The era of polemics about electric competition is nearly over. It’s time to compare the relative performance of competition and traditional regulation as these two established models operate side-...
Annual ROE Survey: Austerity Savings
Volatile economic conditions push regulators in new directions.
the company’s ROE is necessary to ensure investor confidence and company access to capital markets” [Re The Detroit Edison Co., Case No. U-15244, 270 PUR4th 134 (Mich.P.S.C.2008 ) ].
Regulators in Connecticut looked at the crisis another way. While setting rates for United Illuminating (UI), the Connecticut Department of Public Utility Control (DPUC) lowered the company’s ROE from a level of 9.7 percent set in 1996 to 8.75 percent in a rate case heard this year. It rejected a claim by the electric utility that financial models relied on in the past should be adjusted to account for a change in investor behavior as a result of the crisis, including a shift away from looking at dividend payments as a measure of long-term growth and instead focusing more on earnings per share as a guide to investment decisions. The company claimed that dividend growth has remained stagnant due to heightened financial concerns in the utility industry. Expressing a keener interest in the macroeconomic issues at play, the DPUC concluded that although the overall outlook for the economy as a whole is weak, investors likely will continue looking to the utility sector as a safe haven amidst a volatile market environment. The DPUC said that even though the company was embarking on a high volume of capital spending and infrastructure improvements, that would be offset by UI’s strong financial position, limited risk profile, visible forward-earnings stream, high dividend yield, strong balance sheet and strong cash position. Despite higher spreads and yields, utilities still outperform most sectors of the bond market. As such, the cost of equity for the electric industry is among the lowest of all industries in the United States. All these indicators suggested a substantial decline in the overall equity cost rate, in the view of the DPUC [Re The United Illuminating Co., Docket No. 08-07-04, Feb. 4, 2009 (Conn.D.P.U.C.)] .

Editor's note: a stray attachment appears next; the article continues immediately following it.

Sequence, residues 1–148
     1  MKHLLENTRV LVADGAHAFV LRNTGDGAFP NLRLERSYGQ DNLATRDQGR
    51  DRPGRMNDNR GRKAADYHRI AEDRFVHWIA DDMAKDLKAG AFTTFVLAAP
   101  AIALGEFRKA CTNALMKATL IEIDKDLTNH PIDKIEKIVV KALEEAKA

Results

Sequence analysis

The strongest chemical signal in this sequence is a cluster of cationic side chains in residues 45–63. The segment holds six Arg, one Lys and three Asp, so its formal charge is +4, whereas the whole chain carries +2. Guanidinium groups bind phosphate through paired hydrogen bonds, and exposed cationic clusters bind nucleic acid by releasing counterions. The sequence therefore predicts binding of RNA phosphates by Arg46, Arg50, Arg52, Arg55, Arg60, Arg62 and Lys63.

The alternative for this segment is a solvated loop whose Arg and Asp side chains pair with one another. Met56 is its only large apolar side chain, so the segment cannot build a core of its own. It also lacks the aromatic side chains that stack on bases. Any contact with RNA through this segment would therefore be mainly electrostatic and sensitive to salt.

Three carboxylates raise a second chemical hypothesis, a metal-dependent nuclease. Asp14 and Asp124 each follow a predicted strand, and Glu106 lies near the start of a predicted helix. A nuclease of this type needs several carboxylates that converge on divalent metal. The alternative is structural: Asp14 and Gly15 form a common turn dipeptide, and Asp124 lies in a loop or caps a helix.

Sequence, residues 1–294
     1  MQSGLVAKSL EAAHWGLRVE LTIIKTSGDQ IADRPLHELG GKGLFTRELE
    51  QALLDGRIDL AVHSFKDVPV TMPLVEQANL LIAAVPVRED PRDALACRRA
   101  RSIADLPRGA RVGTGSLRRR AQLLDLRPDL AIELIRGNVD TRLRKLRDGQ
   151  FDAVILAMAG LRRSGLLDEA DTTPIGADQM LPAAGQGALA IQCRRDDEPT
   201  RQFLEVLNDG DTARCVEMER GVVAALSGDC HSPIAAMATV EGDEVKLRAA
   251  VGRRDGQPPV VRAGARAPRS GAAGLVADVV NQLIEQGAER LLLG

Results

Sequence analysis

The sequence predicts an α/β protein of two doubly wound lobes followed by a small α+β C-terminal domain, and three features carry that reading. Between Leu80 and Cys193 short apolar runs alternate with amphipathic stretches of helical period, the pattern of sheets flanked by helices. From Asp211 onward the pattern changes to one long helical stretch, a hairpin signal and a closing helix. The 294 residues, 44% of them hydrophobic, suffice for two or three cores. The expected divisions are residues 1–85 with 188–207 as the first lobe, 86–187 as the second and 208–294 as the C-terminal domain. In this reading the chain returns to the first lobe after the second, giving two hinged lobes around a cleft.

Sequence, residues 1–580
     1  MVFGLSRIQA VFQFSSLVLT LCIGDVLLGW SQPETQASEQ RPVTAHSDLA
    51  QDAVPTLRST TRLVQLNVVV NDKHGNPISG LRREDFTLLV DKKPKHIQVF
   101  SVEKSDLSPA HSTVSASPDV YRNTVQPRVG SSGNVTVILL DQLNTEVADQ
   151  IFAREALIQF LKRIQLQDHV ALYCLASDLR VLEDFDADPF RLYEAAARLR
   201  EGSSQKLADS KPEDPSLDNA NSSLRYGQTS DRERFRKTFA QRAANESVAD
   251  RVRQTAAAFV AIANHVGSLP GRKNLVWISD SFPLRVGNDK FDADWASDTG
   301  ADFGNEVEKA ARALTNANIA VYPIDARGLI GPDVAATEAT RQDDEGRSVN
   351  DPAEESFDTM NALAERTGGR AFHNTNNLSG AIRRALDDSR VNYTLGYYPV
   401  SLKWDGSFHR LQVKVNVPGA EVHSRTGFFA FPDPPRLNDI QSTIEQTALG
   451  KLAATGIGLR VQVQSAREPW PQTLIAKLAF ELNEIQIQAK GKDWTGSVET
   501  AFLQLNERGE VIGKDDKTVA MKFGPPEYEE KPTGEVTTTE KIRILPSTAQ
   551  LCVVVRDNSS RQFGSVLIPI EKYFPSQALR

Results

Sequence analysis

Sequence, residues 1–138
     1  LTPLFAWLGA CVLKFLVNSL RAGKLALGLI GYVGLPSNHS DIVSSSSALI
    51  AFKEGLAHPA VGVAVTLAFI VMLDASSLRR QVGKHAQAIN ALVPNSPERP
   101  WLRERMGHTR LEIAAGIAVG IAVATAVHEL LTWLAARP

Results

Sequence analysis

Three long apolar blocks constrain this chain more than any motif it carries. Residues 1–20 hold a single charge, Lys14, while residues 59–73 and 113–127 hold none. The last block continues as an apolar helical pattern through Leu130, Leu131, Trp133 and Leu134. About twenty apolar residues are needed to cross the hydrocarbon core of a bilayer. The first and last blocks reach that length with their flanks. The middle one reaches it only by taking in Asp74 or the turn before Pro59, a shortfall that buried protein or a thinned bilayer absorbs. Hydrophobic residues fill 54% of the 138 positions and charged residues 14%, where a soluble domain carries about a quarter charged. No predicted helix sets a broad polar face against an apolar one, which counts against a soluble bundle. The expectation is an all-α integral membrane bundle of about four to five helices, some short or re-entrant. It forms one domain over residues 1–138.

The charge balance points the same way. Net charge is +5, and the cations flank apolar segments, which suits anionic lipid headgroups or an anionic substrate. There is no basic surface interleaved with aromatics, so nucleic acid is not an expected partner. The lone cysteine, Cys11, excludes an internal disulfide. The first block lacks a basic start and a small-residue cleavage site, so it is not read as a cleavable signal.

Focusing directly on the plight of consumers during the current economic crisis, the DPUC in a second case reduced rates for a natural gas local distribution company (LDC) by $16.2 million, reflecting an allowed ROE of 9.31 percent. The department rejected claims by the utility that a rate increase was required due to current economic conditions that had resulted in nearly 15,000 residential service terminations due to non-payment of bills. Rather than hike rates to cover past-due bills, the current economic conditions required the LDC to share in the economic difficulties of Connecticut citizens by aggressively managing its operational expenses and capital investments, the department said. Driving home this point, the DPUC disallowed for rate-making purposes, costs incurred for non-qualified pension plans, finding that ratepayers shouldn’t have to fund excessive pension benefits in difficult economic times [Re Connecticut Natural Gas Corp.,274 PUR4th 345 (Conn.D.P.U.C. 2009)] .
In perhaps the most dramatic example of ratemaking meets an economy in crisis, the New York Public Service Commission (PSC) has in recent cases addressed consumer issues by imposing what it calls an “austerity savings” adjustment for energy utilities operating in the state. In those cases, the PSC actually increased